The music business is infamously — or maybe just famously — litigious. Lawsuits are filed with striking regularity by artists who claim, with often teeth-skin-thin justification, that they had penned a phrasing or spun a melody that was later stolen by one monumentally successful artist or the other.
A recent case, filed two weeks ago in Colorado by Richard Morrill, is illustrative. Morrill, a hair stylist and musician who wrote the song "Who's Got My Lightah" in 1996 (lyrics cited in the initial complaint: "Who's got my lightah? Going to find ya. Who's got my lightah? I'm right behind ya. Who's got my lightah? I'm going to find ya. Give it back, give it back."), has accused Gwen Stefani of copping his pronunciation of the word "fire" as "fi-ya" in a song she made with Pharrell, "Spark the Fire." Morrill alleges she got the idea for that delivery after he'd styled her hair 20 years earlier and gifted her a CD of the track. (More often than not, these kinds of cases are settled for pennies on the dollar in order to make them go away.)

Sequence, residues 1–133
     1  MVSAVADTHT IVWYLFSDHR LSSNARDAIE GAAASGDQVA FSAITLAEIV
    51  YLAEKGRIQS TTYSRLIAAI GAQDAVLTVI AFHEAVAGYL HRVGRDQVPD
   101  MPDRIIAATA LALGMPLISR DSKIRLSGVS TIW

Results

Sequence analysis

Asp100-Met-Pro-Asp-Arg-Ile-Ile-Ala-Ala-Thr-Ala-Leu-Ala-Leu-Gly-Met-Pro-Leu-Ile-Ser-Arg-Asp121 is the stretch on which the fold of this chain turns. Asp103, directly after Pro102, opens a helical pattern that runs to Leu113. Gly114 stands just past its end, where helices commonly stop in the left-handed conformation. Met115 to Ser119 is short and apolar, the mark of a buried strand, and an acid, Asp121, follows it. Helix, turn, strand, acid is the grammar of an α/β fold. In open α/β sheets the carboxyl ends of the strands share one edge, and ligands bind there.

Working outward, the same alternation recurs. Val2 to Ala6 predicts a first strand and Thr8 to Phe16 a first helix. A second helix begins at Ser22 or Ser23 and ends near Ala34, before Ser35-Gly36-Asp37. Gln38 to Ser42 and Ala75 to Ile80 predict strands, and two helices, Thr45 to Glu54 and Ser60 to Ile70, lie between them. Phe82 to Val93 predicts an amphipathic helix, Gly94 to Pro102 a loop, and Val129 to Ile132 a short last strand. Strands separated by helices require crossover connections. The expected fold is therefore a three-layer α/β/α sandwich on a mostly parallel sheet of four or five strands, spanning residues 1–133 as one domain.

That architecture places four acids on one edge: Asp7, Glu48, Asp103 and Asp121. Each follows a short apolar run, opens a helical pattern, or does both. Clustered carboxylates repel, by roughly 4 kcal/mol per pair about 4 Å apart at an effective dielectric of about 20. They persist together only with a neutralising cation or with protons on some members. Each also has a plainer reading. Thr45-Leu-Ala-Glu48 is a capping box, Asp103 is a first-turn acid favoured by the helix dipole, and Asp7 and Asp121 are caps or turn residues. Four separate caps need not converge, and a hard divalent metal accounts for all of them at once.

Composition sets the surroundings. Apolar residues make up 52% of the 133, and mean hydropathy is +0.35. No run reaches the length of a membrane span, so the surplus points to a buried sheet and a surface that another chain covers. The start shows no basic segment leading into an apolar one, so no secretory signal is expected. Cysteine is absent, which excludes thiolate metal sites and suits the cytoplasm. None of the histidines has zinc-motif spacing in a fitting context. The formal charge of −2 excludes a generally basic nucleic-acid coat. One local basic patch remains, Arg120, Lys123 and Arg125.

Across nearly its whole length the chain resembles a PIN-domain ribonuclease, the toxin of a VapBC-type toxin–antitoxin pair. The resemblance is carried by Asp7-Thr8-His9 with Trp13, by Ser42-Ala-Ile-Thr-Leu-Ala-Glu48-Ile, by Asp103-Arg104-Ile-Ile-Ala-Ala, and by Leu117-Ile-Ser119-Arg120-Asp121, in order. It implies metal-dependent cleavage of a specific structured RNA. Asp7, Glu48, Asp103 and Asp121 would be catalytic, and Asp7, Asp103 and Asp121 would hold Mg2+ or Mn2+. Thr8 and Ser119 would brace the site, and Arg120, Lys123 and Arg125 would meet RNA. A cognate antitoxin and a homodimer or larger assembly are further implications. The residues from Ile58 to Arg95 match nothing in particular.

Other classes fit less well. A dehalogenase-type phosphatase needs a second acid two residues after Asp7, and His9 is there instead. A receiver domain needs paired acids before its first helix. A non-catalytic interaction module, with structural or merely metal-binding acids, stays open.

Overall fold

Portlandia's Fred Armisen and Carrie Brownstein have skewered this commonality, featuring a guest appearance from Jeff Tweedy. "Turns out he owns the key of G, which has made life very difficult for me as a songwriter," Tweedy laments.
"If you came up with a melody, or a beat, or a lyric... you can sue anyone," Armisen's Mark Lukey insists.
He's not wrong.